Five Q's With Frantz Joseph
Five Q's With Frantz Joseph
At Florida Atlantic, middle linebacker Frantz Joseph led the nation in tackles. On draft day, he led off Outside the Lines with a story about his life.
Now, he's an undrafted rookie trying to catch on with the Raiders.
Joseph got his first taste of the NFL at last weekend's minicamp, getting third-team work at middle and weakside linebacker. Here's his reaction and hopes heading into OTAs.
Q: How do you evaluate yourself on opening weekend?
A: You can't really depend on what people say, as far as other players. The only thing you can go by is by what coach tells you or what you see on film. For me, I really feel I had great advantages coming out here because first of all, I'm a student of the game. So when I was inside the classrooms, all I had to do was learn the new terminologies because football's been played the same way for 100 years. There's a 4-3 and there's a 3-4. I was lucky enough to play in a 4-3 so coming out here, I definitely know the scheme very well. They had me playing multiple positions at the mike and will linebackers so I understand them both completely. For me, the pressure wasn't that heavy. Just trying to get fit in with the older guys and everybody accepting you, that's probably the biggest thing out here.
Q: Are Pro Day evaluations unfairly based on size and speed and not game film?
A: To be honest, I don't understand. Just looking back to back in the days, it wasn't all about that. They'd sit down and watch the film and see who was really good football players. Nowadays, you don't have to have a good season. You come out there and run a 4.3 and jump a 40-inch vertical and all of a sudden, you're first down. I led the country in tackles, not to toot my own horn, but if another guy had done that and ran the fastest time, then he probably would have been a first rounder. To me, just gives me a chip on my shoulder. It gives me an opportunity to come out to this great organization that understands good football players. If you're a Raider, you're either fast or you're nasty. I really feel like I'm the physical type that can help them get better.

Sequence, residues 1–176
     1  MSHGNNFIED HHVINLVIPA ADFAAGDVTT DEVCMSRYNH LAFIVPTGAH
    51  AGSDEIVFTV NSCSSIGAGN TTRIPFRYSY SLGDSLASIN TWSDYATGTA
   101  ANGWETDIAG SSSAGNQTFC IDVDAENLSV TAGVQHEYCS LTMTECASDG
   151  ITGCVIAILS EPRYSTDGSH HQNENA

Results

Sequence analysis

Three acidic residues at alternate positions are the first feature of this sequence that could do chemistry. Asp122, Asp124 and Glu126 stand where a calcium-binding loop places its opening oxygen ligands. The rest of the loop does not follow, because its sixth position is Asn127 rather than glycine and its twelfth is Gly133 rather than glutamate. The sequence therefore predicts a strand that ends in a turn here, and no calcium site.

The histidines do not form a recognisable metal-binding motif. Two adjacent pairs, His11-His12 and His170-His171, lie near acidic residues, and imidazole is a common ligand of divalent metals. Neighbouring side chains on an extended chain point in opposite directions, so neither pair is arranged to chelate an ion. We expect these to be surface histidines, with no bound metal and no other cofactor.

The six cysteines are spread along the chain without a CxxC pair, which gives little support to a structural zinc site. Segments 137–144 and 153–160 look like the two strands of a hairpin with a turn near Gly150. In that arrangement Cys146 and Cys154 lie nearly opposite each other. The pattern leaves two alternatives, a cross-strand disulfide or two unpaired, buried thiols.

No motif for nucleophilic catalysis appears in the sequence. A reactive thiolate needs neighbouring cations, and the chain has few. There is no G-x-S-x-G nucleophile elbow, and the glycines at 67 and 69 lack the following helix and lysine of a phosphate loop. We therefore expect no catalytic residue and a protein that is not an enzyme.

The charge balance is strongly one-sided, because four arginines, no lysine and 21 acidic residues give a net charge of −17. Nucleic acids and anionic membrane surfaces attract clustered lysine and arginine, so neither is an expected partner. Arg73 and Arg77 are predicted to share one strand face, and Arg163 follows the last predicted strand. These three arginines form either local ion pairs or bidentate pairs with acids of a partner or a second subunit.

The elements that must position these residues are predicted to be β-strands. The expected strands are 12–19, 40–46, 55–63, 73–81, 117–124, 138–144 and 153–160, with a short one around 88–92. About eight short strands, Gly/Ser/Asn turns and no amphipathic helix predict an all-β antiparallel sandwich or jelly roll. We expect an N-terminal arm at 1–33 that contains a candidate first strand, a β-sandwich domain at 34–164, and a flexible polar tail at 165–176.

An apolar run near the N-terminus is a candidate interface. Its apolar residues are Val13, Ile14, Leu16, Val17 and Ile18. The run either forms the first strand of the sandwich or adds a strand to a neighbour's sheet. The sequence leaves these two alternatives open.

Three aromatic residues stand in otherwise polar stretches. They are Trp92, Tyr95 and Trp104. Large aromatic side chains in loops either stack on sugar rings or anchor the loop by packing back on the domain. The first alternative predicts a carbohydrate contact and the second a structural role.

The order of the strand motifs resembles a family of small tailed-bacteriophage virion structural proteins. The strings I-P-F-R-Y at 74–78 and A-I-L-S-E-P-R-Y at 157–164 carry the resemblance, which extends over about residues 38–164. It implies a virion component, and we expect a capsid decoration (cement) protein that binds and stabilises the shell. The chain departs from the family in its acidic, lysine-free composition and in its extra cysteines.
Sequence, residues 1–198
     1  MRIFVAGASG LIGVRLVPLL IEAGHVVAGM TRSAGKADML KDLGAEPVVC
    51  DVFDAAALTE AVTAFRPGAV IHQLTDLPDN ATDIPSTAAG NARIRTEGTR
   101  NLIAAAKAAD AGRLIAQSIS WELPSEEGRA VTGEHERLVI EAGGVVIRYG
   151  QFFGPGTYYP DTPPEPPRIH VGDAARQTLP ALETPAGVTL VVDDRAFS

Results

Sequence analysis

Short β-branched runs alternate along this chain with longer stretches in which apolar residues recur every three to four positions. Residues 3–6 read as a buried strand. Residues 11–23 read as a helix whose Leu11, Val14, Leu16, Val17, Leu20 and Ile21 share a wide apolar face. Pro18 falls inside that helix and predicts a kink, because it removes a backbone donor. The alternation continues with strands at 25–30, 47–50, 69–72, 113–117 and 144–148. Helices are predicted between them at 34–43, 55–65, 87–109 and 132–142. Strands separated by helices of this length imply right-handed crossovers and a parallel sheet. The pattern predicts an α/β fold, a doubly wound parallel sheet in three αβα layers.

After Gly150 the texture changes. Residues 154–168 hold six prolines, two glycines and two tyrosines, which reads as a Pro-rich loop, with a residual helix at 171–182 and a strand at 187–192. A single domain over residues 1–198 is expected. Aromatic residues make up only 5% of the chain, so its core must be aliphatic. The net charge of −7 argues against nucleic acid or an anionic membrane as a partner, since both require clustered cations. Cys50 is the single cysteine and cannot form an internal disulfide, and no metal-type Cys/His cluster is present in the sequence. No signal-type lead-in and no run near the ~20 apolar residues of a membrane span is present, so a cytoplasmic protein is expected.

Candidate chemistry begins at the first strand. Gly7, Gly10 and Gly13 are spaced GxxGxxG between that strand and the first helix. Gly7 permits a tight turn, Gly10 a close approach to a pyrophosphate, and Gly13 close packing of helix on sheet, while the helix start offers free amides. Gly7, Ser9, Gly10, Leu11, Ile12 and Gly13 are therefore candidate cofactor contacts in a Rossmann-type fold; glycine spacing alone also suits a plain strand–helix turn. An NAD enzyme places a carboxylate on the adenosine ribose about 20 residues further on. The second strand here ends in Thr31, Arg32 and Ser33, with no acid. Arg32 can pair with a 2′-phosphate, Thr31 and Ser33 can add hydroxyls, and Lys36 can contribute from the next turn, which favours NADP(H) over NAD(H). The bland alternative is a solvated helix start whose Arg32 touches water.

Q: What was your welcome to the NFL moment?
A: It's kind of what I expected. I never really underestimated it so when I came out here it was exactly what I saw. Everybody's good, bigger, faster. So for me, I don't think I'll get welcomed to it until we put on pads. That's when we'll see who the men are and who the boys are.
Q: Can you play the strongside if needed?
A: Well, I played sam my freshman year at Boston Vollege. I would be comfortable as far as knowing what to do and the physicality of taking on fullbacks and blockers. I think I can excel at that too. I feel I can play any of them.
Q: Any players you try to emulate?
A: For me, the players that I like don't even play football anymore. The last person I'd say is a Ray Lewis. For me, the two main guy I love are Dick Butkis and Jack Lambert. Just the nastiness, the tenacity, the meanness. That's what I feel my game implements. Honestly, when I'm on the field, I'm not a nice guy. I'm not trying to be a friend. I'm really trying to hurt you with violence insise the white lines, legally. Off the field, I'm a gentleman. I have a lot of manners. But off the field, it's a different world.
Source: David White - sfgate.com